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Lewis v. Nelson

Court of Appeals of Utah

December 14, 2017

Reggie Lewis, Appellee,
v.
Rodney Nelson, Appellant.

         Fifth District Court, St. George Department The Honorable Eric A. Ludlow[1] No. 120500402

          Charles A. Schultz, Attorney for Appellant

          Penrod W. Keith and Elijah L. Milne, Attorneys for Appellee

          Judge Kate A. Toomey authored this Opinion, in which Judges Michele M. Christiansen and Ryan M. Harris concurred.

          OPINION

          TOOMEY, Judge.

         ¶1 This case comes before us on an interlocutory appeal from the district court's denial of Rodney Nelson's motion to amend his answer to assert a compulsory counterclaim. Nelson contends the district court abused its discretion in denying his motion to amend because, in his view, the court "had the obligation" to grant his motion. We disagree and therefore affirm.

         ¶2 This case arises from a contract dispute between Nelson and Reggie Lewis, who sold Nelson the right to operate a distribution supply route. In July 2012, Lewis filed a breach of contract action against Nelson, complaining that Nelson missed payments under the contract. Nelson, acting pro se, answered the complaint and raised numerous affirmative defenses, including breach of the covenant of good faith and fair dealing; breach of contract; and fraud, deceit, or misrepresentation. The answer did not include any counterclaims.

         ¶3 More than three months after filing his answer, and without first seeking leave to amend it, Nelson filed counterclaims for fraud and violation of Utah's Business Opportunity Disclosure Act. Because Nelson did not first seek leave to amend his answer, Lewis filed a motion to dismiss the counterclaims. Nelson did not file an opposing memorandum but instead filed a belated motion to amend his answer, explaining that, "as a pro se litigant, it has taken him additional time to become familiar with his legal defenses, and [he] is only now aware of his legal defenses and counterclaims." Lewis opposed the motion, arguing that it was untimely, that there was no justification for Nelson's failure to include the counterclaims in his answer, that the counterclaims would cause undue delay, and that the counterclaims were not well pleaded.[2] In his reply memorandum, Nelson explained, "I thought that my answer would serve as a counterclaim . . . . [T]here will not be any new information or discovery needed with my counterclaim. The same facts and documents that will be central to my defense to [Lewis's] complaint will be used as evidence in my counterclaim."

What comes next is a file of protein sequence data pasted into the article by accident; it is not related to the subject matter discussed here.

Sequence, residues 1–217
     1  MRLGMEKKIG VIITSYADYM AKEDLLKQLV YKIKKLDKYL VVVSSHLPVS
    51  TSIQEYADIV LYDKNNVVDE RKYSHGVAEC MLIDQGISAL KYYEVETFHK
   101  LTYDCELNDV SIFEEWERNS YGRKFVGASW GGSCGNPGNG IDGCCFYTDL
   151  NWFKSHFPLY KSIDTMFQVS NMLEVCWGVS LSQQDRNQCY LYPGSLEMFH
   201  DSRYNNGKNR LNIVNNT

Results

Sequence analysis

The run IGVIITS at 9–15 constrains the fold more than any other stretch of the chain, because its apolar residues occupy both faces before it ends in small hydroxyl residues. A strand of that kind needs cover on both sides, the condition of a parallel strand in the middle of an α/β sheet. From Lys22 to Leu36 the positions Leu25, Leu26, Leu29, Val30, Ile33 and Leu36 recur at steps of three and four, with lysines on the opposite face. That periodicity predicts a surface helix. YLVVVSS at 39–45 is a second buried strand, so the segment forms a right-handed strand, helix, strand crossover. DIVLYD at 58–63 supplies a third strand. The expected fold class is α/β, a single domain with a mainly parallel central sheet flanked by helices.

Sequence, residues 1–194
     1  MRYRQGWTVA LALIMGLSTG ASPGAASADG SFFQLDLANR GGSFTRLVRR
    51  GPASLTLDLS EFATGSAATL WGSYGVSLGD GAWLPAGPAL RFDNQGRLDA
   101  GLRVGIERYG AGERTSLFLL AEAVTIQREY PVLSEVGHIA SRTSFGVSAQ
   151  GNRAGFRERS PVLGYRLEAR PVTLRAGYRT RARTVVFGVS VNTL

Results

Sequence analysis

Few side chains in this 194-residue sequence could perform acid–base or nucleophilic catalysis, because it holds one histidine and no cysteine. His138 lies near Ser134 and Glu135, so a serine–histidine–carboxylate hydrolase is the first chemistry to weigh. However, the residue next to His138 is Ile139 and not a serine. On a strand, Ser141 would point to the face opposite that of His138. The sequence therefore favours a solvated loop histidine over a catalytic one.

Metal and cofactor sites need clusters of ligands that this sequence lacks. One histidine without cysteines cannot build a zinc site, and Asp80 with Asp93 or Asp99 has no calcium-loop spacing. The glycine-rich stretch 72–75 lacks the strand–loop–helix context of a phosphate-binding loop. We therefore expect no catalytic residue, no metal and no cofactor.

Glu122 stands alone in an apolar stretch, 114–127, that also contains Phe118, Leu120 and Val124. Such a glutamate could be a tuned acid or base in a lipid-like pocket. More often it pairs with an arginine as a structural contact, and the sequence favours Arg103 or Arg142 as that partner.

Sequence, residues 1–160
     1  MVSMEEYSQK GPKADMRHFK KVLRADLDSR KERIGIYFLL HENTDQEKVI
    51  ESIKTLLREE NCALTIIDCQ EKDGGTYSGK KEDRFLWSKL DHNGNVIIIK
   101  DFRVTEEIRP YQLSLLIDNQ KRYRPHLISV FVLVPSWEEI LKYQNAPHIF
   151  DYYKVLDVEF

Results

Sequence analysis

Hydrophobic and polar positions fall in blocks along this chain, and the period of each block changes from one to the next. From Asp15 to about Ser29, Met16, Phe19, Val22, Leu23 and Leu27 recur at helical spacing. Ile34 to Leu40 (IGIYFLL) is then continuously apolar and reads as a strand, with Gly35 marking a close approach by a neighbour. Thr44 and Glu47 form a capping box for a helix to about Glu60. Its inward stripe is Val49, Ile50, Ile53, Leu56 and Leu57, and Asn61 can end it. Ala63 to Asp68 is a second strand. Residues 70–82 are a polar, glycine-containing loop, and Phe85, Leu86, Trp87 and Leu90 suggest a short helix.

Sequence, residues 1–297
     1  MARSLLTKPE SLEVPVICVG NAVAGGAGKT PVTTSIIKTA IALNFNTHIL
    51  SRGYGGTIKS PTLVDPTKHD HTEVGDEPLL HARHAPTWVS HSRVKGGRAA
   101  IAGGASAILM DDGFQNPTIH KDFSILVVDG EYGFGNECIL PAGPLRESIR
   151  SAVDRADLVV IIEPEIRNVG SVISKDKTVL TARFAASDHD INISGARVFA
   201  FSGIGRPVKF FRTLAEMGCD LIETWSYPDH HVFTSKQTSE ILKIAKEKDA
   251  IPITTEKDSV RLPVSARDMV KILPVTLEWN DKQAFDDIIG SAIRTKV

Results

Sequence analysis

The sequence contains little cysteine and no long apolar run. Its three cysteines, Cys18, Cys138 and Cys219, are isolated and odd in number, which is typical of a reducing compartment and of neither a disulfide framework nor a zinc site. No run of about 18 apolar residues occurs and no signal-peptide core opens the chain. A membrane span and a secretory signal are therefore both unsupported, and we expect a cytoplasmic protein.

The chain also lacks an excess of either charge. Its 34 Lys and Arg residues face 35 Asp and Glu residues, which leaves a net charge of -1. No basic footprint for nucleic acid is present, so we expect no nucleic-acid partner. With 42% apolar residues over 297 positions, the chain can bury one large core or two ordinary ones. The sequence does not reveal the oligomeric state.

¶4 During oral argument on the two motions in September 2013, Nelson conceded that "the answer and the counterclaim are essentially the same thing." First Judge then announced he was granting Lewis's motion to dismiss the counterclaims and denying Nelson's motion to amend and remarked, "[B]ut it really doesn't impact Mr. Nelson's defense at all." First Judge directed Lewis's counsel to prepare the order. The order simply stated that, "[b]ased upon the pleadings, motions, memoranda, exhibits, and oral arguments of the parties, " Nelson's motion to amend "should be denied for the reasons set forth in" Lewis's opposing memorandum, and that Nelson's counterclaims "should be dismissed with prejudice for the reasons set forth in" Lewis's motion to dismiss.

         ¶5 In January 2014, after discovery was completed, Lewis moved for summary judgment, which First Judge orally granted during a March hearing and which was signed by Second Judge.[3] Nelson eventually appealed from the order of summary judgment, [4] and post-judgment execution efforts were stayed. We reversed and remanded. See Lewis v. Nelson, 2015 UT App 262, ¶ 17, 366 P.3d 848. In a footnote of that opinion, we stated:

Nelson also challenges the trial court's dismissal with prejudice of his request for leave to file a counterclaim. This issue is not adequately briefed, and we accordingly do not consider it on appeal. This decision on our part is without prejudice to the prerogative of the trial court to reconsider the dismissal in view of our reversal of the summary judgment and our remand for further proceedings.

Id. ¶ 8 n.2 (citation omitted).

         ¶6 An order of remittitur issued in April 2016. On remand, the case was reassigned to Third Judge.

         ¶7 In May 2016, Lewis filed a certificate of readiness for trial. Two weeks later, Nelson filed a second motion to amend his answer to assert several compulsory counterclaims, but he did not attach his proposed counterclaim. Instead, in his supporting memorandum, Nelson argued he had "a legal right to file a counterclaim against Lewis for fraud, fraudulent inducement, breach of covenant of good faith and fair dealing, breach of contract, and other causes of action." Nelson also argued that First Judge abused his discretion in denying the first motion to amend and requested that Third Judge so conclude. Lewis filed an opposing memorandum, arguing the motion should be denied because

(1) Nelson has not submitted a proposed amended pleading with this motion; (2) his counterclaim was previously dismissed with prejudice; (3) he has not offered any excuse-let alone any justification-for his failure to assert a claim at the commencement of this case; (4) this lawsuit began nearly four years ago and the parties appeared in court for trial over two years ago; and (5) Lewis would suffer unavoidable prejudice if Nelson were allowed to amend his pleadings at this late stage.

         Nelson attached his proposed counterclaim to his reply memorandum. In it, he asserted claims for breach of the covenant of good faith and fair dealing, breach of contract, ...


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